Productivity Lie #5: You need to always answer your phone

Research shows that we are interrupted 7 times every hour. That’s 56 times every average workday. No wonder productivity levels have dropped!


I’m writing this sat in a crowded airport lounge. Ahead of me there is a group huddled around three wall-mounted TV screens showing different shots of the New Zealand vs. South Africa ICC Cricket World Cup. It’s a biggie.

To my right there is a dude chatting loudly on his cell, telling whomever about how he got up three times last night to go to the loo. Seriously? And why do you think I need to know this? Slightly more discreetly, there is a guy sat diagonally across from me engrossed in his phone too and one walking down the stairs right next to me, also chatting on his phone as if he was alone (he wasn’t). And I haven’t even mentioned the bloke helping himself to some more breakfast with his phone cradled between the crook of his neck and his ear. Oh, it’s only 08h56 and while I observe this, my phone still on silent and inside the inner pocket of my handbag, I’m wondering what is so pressing that we absolutely can’t switch off? And if we did, what so disastrously devastating could result as the consequence?

For the record, as a mom of a tween and a fully-fledged teenager I’m well aware of the crisis of their generation: immediate gratification. Barring my kids, everyone else mentioned in this piece so far is an adult, pegged at between 30 and 50. Different generation: same addiction. How did we get sucked in to living our lives like an emergency?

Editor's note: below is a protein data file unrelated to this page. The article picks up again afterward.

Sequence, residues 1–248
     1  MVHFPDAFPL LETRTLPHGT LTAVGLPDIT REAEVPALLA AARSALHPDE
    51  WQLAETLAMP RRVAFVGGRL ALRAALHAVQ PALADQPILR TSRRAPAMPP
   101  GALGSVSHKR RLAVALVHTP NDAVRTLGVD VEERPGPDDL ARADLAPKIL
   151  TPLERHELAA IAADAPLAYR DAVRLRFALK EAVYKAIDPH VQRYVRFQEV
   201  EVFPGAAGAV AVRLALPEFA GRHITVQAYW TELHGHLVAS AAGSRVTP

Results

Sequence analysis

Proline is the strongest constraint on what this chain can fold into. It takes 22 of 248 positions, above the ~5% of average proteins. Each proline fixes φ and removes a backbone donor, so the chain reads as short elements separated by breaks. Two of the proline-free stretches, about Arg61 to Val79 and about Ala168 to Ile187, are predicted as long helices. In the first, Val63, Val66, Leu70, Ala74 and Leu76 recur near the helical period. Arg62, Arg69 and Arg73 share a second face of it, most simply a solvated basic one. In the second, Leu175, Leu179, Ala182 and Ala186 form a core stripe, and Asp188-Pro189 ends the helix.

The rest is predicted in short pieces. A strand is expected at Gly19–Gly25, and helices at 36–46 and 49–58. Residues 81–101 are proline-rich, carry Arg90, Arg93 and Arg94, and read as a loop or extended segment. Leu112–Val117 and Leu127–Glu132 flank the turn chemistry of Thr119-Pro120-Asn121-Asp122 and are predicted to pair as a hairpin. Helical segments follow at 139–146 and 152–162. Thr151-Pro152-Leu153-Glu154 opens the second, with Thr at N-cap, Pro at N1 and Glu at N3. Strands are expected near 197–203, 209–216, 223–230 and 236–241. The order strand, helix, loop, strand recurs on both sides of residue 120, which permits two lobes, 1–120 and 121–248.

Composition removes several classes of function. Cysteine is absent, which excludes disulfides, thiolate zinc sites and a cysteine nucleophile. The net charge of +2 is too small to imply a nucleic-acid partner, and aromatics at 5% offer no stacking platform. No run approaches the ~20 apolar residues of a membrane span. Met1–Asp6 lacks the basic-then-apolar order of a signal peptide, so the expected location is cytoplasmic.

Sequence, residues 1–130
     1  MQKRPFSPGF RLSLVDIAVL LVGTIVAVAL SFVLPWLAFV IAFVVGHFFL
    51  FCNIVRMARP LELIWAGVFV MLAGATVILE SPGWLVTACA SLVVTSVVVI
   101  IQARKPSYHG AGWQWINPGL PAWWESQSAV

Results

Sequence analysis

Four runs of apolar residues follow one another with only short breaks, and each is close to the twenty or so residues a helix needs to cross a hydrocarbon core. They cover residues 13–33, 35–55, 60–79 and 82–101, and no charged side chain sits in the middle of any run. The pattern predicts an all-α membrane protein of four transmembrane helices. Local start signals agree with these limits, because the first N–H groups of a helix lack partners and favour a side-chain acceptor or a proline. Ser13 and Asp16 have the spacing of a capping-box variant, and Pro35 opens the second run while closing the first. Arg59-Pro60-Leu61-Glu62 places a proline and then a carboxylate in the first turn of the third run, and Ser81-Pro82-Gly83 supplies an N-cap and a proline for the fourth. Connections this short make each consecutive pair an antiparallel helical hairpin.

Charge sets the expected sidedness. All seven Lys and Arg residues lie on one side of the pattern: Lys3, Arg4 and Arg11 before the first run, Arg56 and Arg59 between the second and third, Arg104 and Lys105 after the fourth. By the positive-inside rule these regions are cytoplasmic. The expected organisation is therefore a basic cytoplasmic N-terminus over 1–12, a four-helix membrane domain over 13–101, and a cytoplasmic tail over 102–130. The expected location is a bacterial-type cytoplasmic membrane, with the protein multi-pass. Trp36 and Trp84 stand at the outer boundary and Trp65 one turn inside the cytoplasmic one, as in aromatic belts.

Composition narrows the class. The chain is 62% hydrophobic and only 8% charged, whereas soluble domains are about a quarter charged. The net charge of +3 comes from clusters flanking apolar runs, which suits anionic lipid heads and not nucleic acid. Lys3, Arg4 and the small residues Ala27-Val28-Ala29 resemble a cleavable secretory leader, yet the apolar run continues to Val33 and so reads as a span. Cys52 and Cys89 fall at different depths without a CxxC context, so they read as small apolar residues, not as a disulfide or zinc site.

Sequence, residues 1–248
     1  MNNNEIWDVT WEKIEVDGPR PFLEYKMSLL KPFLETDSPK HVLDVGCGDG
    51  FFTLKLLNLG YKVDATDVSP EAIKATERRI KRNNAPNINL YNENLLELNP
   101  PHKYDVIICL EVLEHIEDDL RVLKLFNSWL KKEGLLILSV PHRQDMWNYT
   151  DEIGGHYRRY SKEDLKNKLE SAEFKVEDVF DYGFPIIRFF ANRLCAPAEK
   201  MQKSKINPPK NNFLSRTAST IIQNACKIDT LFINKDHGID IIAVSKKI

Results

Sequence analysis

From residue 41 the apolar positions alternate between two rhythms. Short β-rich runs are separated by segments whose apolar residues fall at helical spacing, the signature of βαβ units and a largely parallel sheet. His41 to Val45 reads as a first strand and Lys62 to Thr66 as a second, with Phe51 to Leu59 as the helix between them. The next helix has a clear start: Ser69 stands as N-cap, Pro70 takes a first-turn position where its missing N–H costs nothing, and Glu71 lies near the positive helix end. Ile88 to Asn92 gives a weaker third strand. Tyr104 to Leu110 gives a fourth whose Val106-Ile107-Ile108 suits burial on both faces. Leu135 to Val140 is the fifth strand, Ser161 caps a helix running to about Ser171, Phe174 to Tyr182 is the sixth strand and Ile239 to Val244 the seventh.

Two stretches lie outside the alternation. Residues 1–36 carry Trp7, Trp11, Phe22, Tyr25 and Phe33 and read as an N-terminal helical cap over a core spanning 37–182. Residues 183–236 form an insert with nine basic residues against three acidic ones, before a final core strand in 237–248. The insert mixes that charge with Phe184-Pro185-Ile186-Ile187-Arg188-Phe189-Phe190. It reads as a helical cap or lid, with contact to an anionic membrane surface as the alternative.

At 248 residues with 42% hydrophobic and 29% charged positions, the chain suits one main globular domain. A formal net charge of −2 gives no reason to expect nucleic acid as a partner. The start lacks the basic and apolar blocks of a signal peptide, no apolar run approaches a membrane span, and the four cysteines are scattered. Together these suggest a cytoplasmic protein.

What productivity lies are you telling yourself?

PRODUCTIVITY LIE #5: You need to always answer your phone

Casting my mind back as a young adult, (still living at home at the time), I remember having a similar conversation with my Dad. Though he is now retired, back then he was a fully committed estate agent. His Nokia brick was firmly cradled in its leatherette pouch, strapped in place to his waist belt, never left his side. It was on when we went to the movies when I begged him to turn it to silent, it was on when he played a round of golf, his team mates begged him to turn it to silent and shameful as it is, it was on (albeit only once) when we went to our synagogue on a Friday night. His argument was that in his industry he couldn’t afford to miss a call. If he didn’t answer, someone else would.

The same could be said for a girlfriend whose boss called her on a Saturday night as we were coming out of an 8pm movie; the same friend who had invited us round for dinner and took a call, (while still seated mind you), sometime between the main and the dessert.

So if you too have fallen prey to the “I absolutely can’t let my phone ring without answering it” school of thought, then I want you to edge a little closer as I have some news to share:

The 3 things you can do right now

Forget vibrate – just hit silent